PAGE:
Let us say that there are A, and B events that are not mutually exclusive with individual probabilities as P(A) = n A/N, P(B) = n B/N, then the probability of occurrence of either A or B is given as:

P(A or B) = P(A) + P(B) - P(AB) ... ... ... ... (V)

The subtraction of P(AB) is to avoid double counting. To get a better understanding, consider an example - drawing a jack or a club from a deck of cards. In this experiment, we can draw either a club or a jack or a jack of club. The both individual probabilities P(J) and P(C) include "1" count of event JC i.e. there is a double counting of that event in the sum. And that is why, we need to subtract P(JC) from the sum P(J) + P(C).

**Note**: If A precludes B or vice versa, then clearly P(AB) is equal to "0" converting the above equation into a normal addition rule for mutually exclusive events.

Another way to build better understanding is to compute the probability of not drawing a jack or a club and then subtract it from 1 to arrive at the desired probability:

1 - (1 - P(J)) x (1 - P(C)) = P(J) + P(C) - P(JC)

Notice, this is identical to equation (V) above.

#### Counting Events - Combination & Permutation

To understand the concept let us begin with questions. What is the probability of a specific sequence of four coin tosses, "heads-tails-heads-heads"? And what is the probability of observing 3 "heads" and 1 "tails" in any order? Clearly the answer to the first question is (1/2) x (1/2) x (1/2) x (1/2) = 1/16 because we are talking about a specific combination. Whereas in the second case there are 4 possible ways in which we can get 3 "head" and 1 "tails" i.e. "heads-heads-heads-tails", "heads- heads-tails- heads", "heads-tails- heads- heads", and "tails- heads- heads- heads". Therefore the probability becomes 4/16 = 1/4.

Permutation and combination help you to count events using simple mathematical formulas.

#### Permutation

Permutation formula allows you to count all possible different sequence of "n" objects:

n x (n - 1) x (n - 2) x ... 3 x 2 x 1 = n! ... ... ... ... (VI)

**Note**: n! is read as n factorial.

To understand this, let us take an example - how many different sequences can we create from letters "A", "B", "C", and "D"? The first letter of a sequence can be any one of the four. After drawing one, the second letter of the sequence can be any of the remaining three letters. The third letter can be any of the remaining two letters, and the fourth must be the one remaining letter. Therefore, the count is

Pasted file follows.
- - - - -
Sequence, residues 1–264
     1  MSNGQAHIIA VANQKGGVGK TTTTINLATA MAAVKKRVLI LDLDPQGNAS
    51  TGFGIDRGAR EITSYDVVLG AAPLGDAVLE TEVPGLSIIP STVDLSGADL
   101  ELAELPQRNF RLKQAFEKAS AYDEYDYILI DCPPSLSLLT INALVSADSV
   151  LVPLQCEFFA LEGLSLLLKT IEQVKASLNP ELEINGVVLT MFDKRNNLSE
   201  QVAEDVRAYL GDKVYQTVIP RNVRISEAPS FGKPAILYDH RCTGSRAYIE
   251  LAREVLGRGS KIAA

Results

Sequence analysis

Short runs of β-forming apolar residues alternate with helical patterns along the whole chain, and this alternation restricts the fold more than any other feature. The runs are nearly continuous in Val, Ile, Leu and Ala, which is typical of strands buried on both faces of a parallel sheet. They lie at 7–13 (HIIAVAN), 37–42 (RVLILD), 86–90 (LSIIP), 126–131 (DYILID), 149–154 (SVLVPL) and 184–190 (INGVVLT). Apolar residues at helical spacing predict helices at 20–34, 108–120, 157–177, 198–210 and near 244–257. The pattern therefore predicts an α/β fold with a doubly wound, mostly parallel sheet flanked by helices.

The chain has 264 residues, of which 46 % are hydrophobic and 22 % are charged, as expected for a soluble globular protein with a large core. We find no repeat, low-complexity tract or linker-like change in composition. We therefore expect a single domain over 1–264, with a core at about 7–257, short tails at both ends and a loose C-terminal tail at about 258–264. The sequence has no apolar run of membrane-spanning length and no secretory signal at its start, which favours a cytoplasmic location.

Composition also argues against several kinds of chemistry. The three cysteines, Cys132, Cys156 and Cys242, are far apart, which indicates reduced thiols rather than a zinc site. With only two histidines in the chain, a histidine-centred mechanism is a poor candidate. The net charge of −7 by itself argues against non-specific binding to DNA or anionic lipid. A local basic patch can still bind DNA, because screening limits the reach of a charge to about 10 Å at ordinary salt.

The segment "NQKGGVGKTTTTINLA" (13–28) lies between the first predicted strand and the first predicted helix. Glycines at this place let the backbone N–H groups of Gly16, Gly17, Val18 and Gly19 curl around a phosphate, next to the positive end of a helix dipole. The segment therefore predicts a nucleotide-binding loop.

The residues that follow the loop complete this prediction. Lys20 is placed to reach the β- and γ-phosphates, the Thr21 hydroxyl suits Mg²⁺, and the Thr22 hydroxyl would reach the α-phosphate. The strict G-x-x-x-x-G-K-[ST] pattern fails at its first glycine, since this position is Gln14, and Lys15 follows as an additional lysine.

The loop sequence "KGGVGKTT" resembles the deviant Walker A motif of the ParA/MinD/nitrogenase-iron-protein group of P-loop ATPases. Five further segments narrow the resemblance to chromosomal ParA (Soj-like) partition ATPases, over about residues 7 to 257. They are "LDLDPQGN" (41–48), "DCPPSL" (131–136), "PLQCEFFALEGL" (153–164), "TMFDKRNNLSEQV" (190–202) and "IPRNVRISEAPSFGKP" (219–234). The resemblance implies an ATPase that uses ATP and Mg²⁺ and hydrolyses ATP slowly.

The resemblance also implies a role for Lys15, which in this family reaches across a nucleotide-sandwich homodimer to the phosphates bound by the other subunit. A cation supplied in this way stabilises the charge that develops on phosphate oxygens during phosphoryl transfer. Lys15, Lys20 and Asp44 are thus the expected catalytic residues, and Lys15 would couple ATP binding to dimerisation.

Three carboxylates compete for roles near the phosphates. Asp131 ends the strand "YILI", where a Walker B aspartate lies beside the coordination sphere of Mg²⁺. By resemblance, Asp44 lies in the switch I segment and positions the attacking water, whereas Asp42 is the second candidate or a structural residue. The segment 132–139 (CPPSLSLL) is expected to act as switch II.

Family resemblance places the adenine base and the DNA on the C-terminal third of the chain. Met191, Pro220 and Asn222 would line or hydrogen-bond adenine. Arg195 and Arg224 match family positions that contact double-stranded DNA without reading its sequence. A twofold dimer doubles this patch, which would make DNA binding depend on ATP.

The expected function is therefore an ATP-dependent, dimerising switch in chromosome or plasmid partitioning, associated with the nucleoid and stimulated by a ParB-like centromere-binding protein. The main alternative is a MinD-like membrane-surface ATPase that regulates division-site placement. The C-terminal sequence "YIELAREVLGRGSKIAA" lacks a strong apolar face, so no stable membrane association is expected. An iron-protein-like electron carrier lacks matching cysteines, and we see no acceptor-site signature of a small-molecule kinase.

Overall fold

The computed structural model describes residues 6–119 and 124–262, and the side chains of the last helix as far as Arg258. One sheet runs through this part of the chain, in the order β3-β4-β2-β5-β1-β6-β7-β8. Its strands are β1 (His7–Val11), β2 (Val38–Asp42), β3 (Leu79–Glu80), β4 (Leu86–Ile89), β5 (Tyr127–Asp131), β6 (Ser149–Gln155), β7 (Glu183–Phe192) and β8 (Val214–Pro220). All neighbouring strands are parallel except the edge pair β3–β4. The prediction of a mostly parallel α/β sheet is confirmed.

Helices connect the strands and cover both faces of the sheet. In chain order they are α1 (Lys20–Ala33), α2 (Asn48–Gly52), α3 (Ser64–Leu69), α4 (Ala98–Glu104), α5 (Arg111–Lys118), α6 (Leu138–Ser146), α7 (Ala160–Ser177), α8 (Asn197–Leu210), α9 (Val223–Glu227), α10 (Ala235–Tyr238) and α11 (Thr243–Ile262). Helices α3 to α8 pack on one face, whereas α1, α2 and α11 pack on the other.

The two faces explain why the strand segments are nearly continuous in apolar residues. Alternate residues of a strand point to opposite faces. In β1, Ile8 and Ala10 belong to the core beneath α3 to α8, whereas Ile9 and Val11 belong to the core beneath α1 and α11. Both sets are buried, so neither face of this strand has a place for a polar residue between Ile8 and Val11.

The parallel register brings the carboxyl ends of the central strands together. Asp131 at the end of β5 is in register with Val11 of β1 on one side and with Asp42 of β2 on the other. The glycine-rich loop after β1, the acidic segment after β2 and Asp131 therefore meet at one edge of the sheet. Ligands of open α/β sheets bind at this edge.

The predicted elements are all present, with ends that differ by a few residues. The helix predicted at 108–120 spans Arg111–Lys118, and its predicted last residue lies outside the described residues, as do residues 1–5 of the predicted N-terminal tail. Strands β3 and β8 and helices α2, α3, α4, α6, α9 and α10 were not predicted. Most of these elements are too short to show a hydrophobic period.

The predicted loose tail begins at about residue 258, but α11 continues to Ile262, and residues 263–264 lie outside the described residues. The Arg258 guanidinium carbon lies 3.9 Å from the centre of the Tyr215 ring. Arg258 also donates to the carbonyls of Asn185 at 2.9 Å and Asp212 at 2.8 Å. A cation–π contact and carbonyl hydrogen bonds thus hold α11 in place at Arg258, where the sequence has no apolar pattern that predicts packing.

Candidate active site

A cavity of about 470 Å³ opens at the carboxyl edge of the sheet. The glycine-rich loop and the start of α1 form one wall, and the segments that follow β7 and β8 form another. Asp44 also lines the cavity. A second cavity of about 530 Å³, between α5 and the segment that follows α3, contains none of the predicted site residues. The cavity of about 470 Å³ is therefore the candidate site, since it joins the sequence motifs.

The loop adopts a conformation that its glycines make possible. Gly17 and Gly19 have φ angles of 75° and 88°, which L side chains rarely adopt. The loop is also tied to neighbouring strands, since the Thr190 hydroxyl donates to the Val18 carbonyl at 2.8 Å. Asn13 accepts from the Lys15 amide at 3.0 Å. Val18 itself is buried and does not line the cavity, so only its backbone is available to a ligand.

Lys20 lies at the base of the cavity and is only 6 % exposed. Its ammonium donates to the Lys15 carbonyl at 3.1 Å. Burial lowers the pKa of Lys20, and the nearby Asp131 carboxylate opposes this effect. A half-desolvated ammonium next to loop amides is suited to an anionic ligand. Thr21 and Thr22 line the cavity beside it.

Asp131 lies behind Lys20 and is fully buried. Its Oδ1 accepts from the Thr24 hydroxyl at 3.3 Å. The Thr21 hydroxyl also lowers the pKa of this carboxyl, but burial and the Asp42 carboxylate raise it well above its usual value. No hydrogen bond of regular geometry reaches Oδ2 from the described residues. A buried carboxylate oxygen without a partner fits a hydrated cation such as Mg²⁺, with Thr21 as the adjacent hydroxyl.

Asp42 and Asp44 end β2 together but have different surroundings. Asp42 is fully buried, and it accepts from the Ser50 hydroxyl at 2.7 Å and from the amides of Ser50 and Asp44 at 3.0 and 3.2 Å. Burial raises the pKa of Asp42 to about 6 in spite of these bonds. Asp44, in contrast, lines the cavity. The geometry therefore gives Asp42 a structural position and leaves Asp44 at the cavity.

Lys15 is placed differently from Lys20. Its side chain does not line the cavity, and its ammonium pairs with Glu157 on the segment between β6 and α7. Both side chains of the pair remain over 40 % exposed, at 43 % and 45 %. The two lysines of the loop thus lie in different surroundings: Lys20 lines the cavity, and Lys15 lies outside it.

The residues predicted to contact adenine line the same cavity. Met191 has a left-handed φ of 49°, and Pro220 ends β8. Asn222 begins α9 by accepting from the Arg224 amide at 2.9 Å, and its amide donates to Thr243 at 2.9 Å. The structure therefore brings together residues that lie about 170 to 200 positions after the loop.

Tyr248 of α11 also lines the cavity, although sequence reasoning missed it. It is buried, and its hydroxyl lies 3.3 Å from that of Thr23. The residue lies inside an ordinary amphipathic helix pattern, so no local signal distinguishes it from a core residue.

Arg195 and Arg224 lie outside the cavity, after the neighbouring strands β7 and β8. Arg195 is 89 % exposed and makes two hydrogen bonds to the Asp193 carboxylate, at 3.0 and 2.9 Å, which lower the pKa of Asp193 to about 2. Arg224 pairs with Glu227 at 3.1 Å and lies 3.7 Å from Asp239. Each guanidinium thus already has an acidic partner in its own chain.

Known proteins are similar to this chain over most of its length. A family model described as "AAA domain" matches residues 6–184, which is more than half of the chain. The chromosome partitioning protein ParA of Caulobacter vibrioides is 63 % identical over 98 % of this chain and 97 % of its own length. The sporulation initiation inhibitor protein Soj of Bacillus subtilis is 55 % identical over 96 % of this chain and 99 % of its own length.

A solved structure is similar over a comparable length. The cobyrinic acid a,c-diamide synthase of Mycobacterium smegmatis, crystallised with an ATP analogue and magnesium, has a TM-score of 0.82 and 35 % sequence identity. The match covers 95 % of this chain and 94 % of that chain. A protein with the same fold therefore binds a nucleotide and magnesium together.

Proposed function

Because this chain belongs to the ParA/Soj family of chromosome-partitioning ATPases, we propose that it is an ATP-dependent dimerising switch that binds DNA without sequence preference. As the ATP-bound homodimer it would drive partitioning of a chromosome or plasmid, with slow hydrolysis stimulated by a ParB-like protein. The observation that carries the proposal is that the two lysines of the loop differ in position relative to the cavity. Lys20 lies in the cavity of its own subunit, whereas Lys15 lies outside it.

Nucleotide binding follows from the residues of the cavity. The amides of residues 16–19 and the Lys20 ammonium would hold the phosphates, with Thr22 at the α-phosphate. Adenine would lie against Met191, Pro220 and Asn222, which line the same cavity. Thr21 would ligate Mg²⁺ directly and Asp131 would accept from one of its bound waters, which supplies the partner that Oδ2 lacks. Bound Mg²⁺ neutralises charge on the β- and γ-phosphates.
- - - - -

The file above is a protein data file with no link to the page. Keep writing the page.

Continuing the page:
4 x 3 x 2 x 1 = 4! = 24

The generalized way of obtaining a count of "ordered subsets" of "k" objects from a set of "n" objects is given by:

nPk = n!/(n - k)! ... ... ... ... (VII)

Going back to our previous example, this time let us enumerate sequences for 2 letters from the set of 4 letters:

Count = 4P2 = 4!/(4-2)! = (4 x 3 x 2 x 1)/(2 x 1) = 12

The list of these 12 sequences is AB, AC, AD, BA, BC, BD, CA, CB, CD, DA, DB, DC.

#### Combination

It is all about ways of choosing, choosing "n" objects from a set of "k" objects. Imagine if we choose 2 letter combinations from the set of 4 letters in the last example. Notice, in the list of 12 sequences listed above AB and BA, AC and CA, AD and DA, BC and CB, BD and DB, CD and DC pairs are identical provided we ignore the sequence. Our interest is in choosing and not in all possible sequence. Therefore, we can choose in 6 different ways. These are AB, AC, AD, BC, BD, and CD.

To sum up formally, the number of ways of choosing "n unordered" objects from "k" objects is given by:

nCk = n!/(k! x (n - k)!) ... ... ... ... (VIII)

We can now easily compute the value, calculated imperially in the current example, using the above formula as 6.

Armed with this knowledge, let us go back to our original question that we asked in the beginning of "counting events". Let us look at the question number 1. The probability is:

P(HTHH) = P(H) x P(T) x P(H) x P(H)

= (1/2) x (1/2) x (1/2) x (1/2) = 1/16

We now move forward to the question number 2. Here the event in question is 3 heads and 1 tails in any sequence. The number of event outcomes is:

nE = 4!/(3! x 1!) = 4

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The sample space remains unchanged 16 (= 2 ** 4). Therefore, the probability is 4/16 or 1/4.